Volunteer firefighting has been a pillar in the Lake James community for 50 years, something the department looks to celebrate Saturday.
Lake James Fire and Rescue will hold its 50th Anniversary Celebration at the department Saturday from 11 a.m. to 2 p.m. Anyone living in Lake James’ fire district is invited to attend.
A barbecue lunch will be offered at noon after a short program to honor the department’s four founders and recognize current volunteers, said Jim Powers, president of the department’s board of directors.
The department’s four founders – James Davis Jr., Lewis Fullwood, James Kincaid and Carl Crisp – started in 1969, building the department up from scratch.
“Originally those four founders … they envisioned this need for this service in this community,” Powers said. “They talked about it, organized, researched the beginning of fire departments, actually bought (the original) fire truck and secured the land to build the fire department on.”
Fire Chief Alexander Corpening has been with the department for 49 years, and has served as chief for 23. He joined after his father-in-law got his family involved.
“Those guys, when they started, they didn’t have anything,” Corpening said. “Actually, when it started, the majority was black. I think they had a couple of white guys there. I just decided to join it and see what help I could do. I thought we did pretty good from that time on.”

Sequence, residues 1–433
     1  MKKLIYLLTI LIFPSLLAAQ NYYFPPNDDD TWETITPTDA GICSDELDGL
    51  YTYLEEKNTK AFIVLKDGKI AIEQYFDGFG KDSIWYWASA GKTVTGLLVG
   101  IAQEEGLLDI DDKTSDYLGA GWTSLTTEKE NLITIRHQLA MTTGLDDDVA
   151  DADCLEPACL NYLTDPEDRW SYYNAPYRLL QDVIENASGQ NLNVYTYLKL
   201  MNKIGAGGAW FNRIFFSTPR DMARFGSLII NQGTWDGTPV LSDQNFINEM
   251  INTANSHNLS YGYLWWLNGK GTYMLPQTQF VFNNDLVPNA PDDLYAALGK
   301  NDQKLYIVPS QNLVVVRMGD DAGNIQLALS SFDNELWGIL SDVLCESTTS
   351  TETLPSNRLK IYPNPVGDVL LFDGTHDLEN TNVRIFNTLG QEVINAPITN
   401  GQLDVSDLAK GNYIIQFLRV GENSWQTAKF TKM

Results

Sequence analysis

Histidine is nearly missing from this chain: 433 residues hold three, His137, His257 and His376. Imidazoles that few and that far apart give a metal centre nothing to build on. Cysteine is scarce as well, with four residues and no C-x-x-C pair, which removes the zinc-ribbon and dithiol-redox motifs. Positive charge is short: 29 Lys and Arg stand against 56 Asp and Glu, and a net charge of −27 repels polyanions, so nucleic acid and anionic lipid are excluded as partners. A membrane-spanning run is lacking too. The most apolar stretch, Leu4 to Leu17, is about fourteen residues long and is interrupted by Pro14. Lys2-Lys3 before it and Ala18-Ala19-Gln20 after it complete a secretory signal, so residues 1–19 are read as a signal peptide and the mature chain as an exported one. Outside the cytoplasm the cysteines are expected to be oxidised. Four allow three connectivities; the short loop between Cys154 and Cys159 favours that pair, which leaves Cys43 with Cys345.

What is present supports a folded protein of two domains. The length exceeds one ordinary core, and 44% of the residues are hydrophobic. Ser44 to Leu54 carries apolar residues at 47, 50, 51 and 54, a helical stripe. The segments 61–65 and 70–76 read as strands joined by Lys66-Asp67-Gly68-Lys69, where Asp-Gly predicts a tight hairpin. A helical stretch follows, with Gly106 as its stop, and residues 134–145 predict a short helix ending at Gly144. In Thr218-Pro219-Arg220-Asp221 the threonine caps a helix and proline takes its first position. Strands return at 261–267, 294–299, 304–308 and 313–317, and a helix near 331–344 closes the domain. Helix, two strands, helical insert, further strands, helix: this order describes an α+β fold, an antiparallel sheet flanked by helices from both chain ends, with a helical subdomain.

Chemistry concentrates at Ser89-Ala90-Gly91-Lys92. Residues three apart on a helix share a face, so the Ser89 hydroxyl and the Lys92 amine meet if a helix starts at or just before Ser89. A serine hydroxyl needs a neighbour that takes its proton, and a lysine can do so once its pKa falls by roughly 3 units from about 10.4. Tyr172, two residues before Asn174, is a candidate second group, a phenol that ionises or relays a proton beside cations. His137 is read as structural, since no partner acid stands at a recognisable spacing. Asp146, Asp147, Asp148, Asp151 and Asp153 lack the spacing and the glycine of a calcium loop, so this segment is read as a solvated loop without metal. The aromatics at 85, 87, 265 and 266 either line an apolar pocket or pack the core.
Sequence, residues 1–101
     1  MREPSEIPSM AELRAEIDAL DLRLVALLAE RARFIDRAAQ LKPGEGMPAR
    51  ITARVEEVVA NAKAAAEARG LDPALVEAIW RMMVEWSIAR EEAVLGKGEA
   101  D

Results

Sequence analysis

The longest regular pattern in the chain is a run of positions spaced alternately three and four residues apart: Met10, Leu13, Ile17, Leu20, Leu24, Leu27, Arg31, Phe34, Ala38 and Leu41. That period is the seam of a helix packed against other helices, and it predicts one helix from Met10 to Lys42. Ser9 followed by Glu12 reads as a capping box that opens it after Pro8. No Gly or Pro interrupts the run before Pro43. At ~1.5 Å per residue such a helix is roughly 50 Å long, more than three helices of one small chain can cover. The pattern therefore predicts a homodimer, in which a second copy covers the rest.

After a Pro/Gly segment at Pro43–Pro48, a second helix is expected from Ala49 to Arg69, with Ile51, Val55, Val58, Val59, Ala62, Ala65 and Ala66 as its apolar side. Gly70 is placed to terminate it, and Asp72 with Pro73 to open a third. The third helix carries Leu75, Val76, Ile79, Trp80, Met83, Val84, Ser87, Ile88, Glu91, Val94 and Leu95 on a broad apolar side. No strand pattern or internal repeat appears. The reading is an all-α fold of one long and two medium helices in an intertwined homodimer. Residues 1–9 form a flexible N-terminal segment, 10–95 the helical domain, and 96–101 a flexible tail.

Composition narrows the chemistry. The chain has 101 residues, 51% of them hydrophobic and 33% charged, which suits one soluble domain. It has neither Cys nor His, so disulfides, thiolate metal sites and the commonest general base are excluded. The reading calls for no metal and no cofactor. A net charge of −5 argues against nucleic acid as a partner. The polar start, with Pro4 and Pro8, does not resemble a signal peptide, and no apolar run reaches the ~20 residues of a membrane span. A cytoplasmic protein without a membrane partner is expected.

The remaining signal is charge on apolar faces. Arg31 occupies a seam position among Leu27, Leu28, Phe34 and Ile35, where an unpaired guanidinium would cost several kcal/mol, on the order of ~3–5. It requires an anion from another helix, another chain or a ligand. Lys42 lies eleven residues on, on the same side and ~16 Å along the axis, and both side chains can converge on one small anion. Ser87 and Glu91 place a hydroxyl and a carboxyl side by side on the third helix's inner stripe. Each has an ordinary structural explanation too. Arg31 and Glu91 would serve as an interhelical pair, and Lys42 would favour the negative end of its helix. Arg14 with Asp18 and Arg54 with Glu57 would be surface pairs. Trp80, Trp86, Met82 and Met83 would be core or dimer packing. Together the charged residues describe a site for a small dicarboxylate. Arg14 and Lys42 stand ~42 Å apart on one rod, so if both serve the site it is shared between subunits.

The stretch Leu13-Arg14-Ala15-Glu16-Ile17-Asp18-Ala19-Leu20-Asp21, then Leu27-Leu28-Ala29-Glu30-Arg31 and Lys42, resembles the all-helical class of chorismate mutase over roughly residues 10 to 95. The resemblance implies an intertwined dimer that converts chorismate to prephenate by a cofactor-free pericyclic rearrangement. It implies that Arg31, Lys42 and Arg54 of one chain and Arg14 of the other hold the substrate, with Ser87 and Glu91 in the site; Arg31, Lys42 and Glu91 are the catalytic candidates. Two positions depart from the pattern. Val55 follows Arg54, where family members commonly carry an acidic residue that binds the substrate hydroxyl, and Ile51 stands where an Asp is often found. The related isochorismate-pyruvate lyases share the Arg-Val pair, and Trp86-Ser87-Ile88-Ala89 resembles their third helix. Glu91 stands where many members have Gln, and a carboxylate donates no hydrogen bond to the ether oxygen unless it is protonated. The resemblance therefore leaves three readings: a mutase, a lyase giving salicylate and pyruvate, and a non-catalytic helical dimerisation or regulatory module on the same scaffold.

While the department today has a building with multiple truck bays to house fire engines and rescue vehicles, its beginnings were more humble.
“[The founders] got the … Oak Hill High School masonry class to actually lay the blocks or brick for that building,” Powers said.
Department members originally went door-to-door to fund the organization.
“At that time, the fire department was financed completely from volunteer contributions from the community and some of the businesses in that area,” Powers said.
But as the department has evolved, so has its revenue sources. Now it collects tax money from Burke County to help keep equipment in tip-top shape.
Corpening said he could remember the early days when the department only existed to fight fires.
The department now answers an average of 226 calls per year, ranging from first responder and rescue calls to fire calls, Corpening said.
Some of those calls may turn out to be false calls, but Corpening said that doesn’t matter when you’re responding to the call.
“You have to take every call serious, whether it’s a false call or … a prank call,” Corpening said. “But you’ve got to take them serious because you never know what you’re going to run into.”
Corpening has high hopes for the department moving forward.
“[We need a ] fire boat with rescue capabilities, that’s going forward,” Corpening said. “And a substation and paid personnel. [Those] three things, we’re looking forward to. That’s in our long-range plan.”
That’s all in addition to continuing to train, keeping up with equipment maintenance and staying alert.
Anyone interested in joining the department can stop by the station to pick up an application or contact Corpening for more information.
“You have to have a neck to help people,” Corpening said. “I like to help people. Through the years, we help a lot of people, and people need help in times of distress.”
Chrissy Murphy is a staff writer and can be reached at firstname.lastname@example.org or at 828-432-8941. Follow @cmurphyMNH on Twitter.